Deuteronomy 28:54

54 Even the most gentle and sensitive man among you will have no compassion on his own brother or the wife he loves or his surviving children,

Read Deuteronomy 28:54 Using Other Translations

So that the man that is tender among you, and very delicate, his eye shall be evil toward his brother, and toward the wife of his bosom, and toward the remnant of his children which he shall leave:
The man who is the most tender and refined among you will begrudge food to his brother, to the wife he embraces, and to the last of the children whom he has left,
The most tenderhearted man among you will have no compassion for his own brother, his beloved wife, and his surviving children.

What does Deuteronomy 28:54 mean?

John Gill's Exposition of the Bible
Deuteronomy 28:54

[So that] the man [that is] tender among you, and very
Not only the rustic that has been brought up meanly, and used to hard living; but one that has been bred very tenderly, and lived in a delicate manner, like the rich man in ( Luke 16:19 ) ; that fared sumptuously every day:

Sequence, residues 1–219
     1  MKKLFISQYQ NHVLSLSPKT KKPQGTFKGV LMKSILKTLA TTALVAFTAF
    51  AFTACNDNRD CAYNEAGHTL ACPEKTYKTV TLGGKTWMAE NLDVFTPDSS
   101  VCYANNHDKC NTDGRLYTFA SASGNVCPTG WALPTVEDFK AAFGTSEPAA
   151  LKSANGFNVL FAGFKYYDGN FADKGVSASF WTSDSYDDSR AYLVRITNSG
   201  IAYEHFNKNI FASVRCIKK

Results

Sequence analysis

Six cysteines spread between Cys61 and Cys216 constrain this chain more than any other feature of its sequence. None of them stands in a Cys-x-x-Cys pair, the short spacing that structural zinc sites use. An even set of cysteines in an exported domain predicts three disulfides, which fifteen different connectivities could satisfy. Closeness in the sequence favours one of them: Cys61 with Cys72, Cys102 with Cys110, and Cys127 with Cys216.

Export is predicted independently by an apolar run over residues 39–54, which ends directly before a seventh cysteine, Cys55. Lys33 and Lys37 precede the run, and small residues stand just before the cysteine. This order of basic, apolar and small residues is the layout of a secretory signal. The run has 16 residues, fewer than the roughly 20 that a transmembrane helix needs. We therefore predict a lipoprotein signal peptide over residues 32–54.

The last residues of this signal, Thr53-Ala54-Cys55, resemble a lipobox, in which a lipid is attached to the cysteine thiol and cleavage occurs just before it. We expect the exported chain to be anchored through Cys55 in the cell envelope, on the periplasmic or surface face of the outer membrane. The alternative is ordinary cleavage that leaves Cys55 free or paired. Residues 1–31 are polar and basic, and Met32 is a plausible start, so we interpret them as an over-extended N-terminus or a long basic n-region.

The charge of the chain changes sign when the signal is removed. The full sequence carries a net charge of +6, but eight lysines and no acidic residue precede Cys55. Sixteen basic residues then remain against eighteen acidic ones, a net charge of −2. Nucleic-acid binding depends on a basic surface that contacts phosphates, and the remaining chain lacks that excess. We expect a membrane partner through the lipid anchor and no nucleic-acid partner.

his eye shall be evil towards his brother, and towards the wife of his
bosom, and towards the remnant of his children which he shall leave;
that is, he shall begrudge his brother, who is so nearly related to him, the least bit of food; yea, his wife, he dearly loved, and is one flesh with him, his other self, and even his children, which are parts of himself, such of them as were left not eaten by him; or his eye should be evil upon then, he should look with an evil eye on them, determining within himself to kill and eat them next. Though the particular instance in which his eye would be evil to them follows, yet no doubt there are other instances in which his eye would be evil towards them, as there were at the siege of Jerusalem, and have been since. Josephus


F2 says,

``that in every house where there was any appearance of food (or anything that looked like it, that had the shadow of it) there was a battle; and the dearest friends fought with one another, snatching away from each other, the miserable supports of life;''

as the husband from his wife and children, and the wife from her husband and children; see more in ( Deuteronomy 28:56 ) ; and, in later times, we told by the Jewish historian F3, that wrote an account of their sufferings and distresses since their dispersion, that at Fez the Jews sold their children for slaves for bread.

F2 De Bello Jud. l. 6. c. 3. sect. 3.
F3 Shebet Judah, sive Hist. Jud. p. 326.

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